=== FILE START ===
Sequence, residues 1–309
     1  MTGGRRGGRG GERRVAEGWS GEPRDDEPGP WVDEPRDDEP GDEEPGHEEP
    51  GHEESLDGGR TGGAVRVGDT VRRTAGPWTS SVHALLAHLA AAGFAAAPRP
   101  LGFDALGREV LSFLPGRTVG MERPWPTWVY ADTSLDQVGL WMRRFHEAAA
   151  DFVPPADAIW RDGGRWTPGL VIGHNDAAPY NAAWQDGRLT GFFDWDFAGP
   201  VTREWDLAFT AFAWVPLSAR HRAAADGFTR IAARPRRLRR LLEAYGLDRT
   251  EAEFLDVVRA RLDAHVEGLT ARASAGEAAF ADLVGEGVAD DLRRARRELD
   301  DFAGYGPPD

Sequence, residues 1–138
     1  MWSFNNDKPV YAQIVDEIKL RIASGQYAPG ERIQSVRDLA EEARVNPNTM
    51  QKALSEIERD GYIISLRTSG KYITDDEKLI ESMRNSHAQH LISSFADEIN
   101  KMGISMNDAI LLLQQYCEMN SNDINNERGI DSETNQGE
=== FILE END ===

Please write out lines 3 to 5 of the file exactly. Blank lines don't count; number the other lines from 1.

    51  GHEESLDGGR TGGAVRVGDT VRRTAGPWTS SVHALLAHLA AAGFAAAPRP
   101  LGFDALGREV LSFLPGRTVG MERPWPTWVY ADTSLDQVGL WMRRFHEAAA
   151  DFVPPADAIW RDGGRWTPGL VIGHNDAAPY NAAWQDGRLT GFFDWDFAGP